I came across a list of the archives of the Blue Pencil Club of Brooklyn, which are held as part of the Katharine Brownell Collier Papers at the Archives and Special Collections Library, Vassar College Libraries, in Poughkeepsie, New York. The 1924-1927 (Lovecraft in New York period) issues of The Brooklynite, are marked as having been annotated.
So far as I can remember, there is no proof that Lovecraft was ever an actual paid-up member of the Blue Pencil Club of Brooklyn. But it’s known that he sometimes went as a guest, usually a guest of his wife. (Update: he joined in 1924). Lovecraft wrote his essay “Cats and Dogs” for them in 1926, though was unable to read it in person at the meeting. The Club included Lovecraft’s friends, such as James Ferdinand Morton (and his later wife, Pearl K. Merritt, also the sister of Dench’s wife), Rheinhart Kleiner (sometime editor of The Brooklynite), and his associate Ernest A. Dench (and presumably also his wife). I think Kirk also went occasionally to Blue Pencil meetings or perhaps to offshoot walking rambles organised by Dench, but he found the members fairly humdrum. There appears to have been a later cross-pollination of members with the Paterson Rambling Club, and probably also with the non-Club amateur gatherings held at Dench’s small home. Possibly Dench’s Writers’ Club, for professionals, was an informal (since it seems to have left almost no trace) offshoot of the Blue Pencil Club — but that’s just my guess.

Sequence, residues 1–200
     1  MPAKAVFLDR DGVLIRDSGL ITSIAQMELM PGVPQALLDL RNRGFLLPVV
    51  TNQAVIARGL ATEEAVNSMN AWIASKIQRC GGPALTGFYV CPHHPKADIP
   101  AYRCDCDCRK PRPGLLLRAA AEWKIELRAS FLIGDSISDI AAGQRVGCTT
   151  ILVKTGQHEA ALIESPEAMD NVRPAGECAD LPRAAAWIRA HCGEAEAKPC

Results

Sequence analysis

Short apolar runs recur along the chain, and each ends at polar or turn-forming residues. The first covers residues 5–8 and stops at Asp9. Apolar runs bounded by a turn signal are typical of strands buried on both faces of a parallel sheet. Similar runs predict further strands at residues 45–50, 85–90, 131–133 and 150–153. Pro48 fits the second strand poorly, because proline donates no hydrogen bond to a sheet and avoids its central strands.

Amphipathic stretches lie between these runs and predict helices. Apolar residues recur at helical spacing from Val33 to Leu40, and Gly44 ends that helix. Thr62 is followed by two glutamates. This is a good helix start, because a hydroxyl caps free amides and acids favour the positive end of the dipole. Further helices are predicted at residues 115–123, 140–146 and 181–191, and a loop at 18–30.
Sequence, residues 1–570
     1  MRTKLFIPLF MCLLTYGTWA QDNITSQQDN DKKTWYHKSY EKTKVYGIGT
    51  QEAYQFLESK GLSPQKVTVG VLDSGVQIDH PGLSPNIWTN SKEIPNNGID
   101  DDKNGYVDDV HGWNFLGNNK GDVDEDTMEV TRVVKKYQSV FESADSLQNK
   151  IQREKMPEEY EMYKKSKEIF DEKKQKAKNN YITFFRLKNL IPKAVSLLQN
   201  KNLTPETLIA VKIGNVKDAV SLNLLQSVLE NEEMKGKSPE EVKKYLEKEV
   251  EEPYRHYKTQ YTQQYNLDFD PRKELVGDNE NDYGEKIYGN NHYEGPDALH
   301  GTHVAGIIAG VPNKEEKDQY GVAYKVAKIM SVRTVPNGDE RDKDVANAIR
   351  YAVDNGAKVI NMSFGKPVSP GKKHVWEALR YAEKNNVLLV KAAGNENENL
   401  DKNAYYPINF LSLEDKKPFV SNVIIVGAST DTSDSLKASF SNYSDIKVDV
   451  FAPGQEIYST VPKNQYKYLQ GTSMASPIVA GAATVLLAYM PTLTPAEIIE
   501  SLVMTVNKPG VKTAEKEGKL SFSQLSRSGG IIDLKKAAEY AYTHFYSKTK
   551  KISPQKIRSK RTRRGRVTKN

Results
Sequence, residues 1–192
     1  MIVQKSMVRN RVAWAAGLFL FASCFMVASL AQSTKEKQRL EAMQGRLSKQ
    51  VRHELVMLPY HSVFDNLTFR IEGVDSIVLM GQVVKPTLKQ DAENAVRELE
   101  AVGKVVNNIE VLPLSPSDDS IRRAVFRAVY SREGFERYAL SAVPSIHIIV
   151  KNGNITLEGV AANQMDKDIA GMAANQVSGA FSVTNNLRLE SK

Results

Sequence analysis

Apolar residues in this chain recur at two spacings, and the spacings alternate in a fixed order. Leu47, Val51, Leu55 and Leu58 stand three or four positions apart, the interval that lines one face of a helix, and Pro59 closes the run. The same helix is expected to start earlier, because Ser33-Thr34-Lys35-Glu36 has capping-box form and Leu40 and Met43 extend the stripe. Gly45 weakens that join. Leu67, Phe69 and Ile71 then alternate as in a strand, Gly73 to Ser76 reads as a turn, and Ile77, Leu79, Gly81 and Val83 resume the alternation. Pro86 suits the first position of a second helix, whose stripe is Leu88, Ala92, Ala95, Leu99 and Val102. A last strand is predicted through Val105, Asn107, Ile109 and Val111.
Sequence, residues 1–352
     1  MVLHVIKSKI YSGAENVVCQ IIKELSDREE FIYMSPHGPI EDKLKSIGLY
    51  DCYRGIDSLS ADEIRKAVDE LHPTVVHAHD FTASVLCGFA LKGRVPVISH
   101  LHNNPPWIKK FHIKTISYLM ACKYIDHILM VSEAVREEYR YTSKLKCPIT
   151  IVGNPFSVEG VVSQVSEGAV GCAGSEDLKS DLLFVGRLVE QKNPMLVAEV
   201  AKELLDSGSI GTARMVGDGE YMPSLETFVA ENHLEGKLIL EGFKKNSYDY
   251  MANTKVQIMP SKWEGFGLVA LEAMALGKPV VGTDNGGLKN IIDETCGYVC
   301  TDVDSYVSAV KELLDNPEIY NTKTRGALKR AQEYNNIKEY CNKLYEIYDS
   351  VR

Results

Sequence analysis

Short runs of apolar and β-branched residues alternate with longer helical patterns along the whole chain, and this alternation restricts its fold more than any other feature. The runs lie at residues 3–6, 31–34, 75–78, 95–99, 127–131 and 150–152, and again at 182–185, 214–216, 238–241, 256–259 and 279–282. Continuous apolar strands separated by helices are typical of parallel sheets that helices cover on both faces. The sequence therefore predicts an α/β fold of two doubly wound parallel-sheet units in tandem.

Note that the Club was established c. Feb 1915, and the Vassar College archive appears to be missing its early publications such as the Blue Pencil Amateur, c.1916.
Blue Pencil Club:
Folder 5.6 Correspondence: among club members re: club organization, meetings, and various written works, 1925-1944, n.d. (12 items)
Folder 5.7 Programs: banquet programs, 1929-1932 (2 items)
Folder 5.8 Publications: memorial booklets for Hazel Pratt Adams and Alice Lovett Lewis, VC 1904, 1922, 1027 (TS, 48 p.)
Folder 5.9 Publications: The Brooklynite, official organ of the BPC, 1917-1918 (TS, 12 p.)
Folder 5.10 Publications: The Brooklynite, 1921 (TS, 6 p.)
Folder 5.11 Publications: The Brooklynite, 1923 (TS, 16 p.)
Folder 5.12 Publications: The Brooklynite, includes annotated issue, 1924 (TS, 16 p.)
Folder 5.13 Publications: The Brooklynite, includes annotated issue and 17th anniversary issue 1925 (TS, 20 p.)
Folder 5.14 Publications: The Brooklynite, includes annotated issue, 1926 (TS, 16 p.)
Folder 5.15 Publications: The Brooklynite, includes annotated issue, 1927 (TS, 20 p.)
Folder 5.16 Publications: The Brooklynite, 1928 (TS, 12 p.)
Folder 5.17 Publications: The Brooklynite, includes 21st anniversary issue, 1929 (TS, 20 p.)
Folder 5.18 Publications: The Brooklynite, 1930 (TS, 8 p.)
Folder 5.19 Publications: The Brooklynite, includes annotated issue, 1931-1932 (TS, 12 p.)
Folder 5.20 Publications: The Brooklynite, includes 25th anniversary issue, 1933 (TS, 34 p.)
Folder 5.21 Publications: The Brooklynite, 1935-1936 (TS, 16 p.)
Folder 5.22 Publications: The Brooklynite,includes annotated issue, 1937-1939 (TS, 16 p.)
Folder 5.23 Publications: The Brooklynite, includes annotated issue, 1940-1944 (TS, 12 p.)
Folder 5.24 Publications: The Brooklynite, n.d. (TS, 2 p., fragments)
Folder 6.51 Blue Pencil Club
Wow. What life was like before social media, TV and the internet. My nephew will be attending Vassar this fall, and working in the library. Let me know if you need archives scanned; he loves this stuff!
David Haden said:
That’s very cool, Miss Allen. It would certainly be interesting to have The Brooklynite scanned and uploaded to Archive.org in the first instance. Even if the library might be worried about post-1923 copyright, scans of the public domain 1917-1922 issues would be welcome and shouldn’t take long to scan / photograph and convert to a PDF. Knowing freshman students, I’d imagine that paying your nephew a small fee for the work might make it happen quicker? 🙂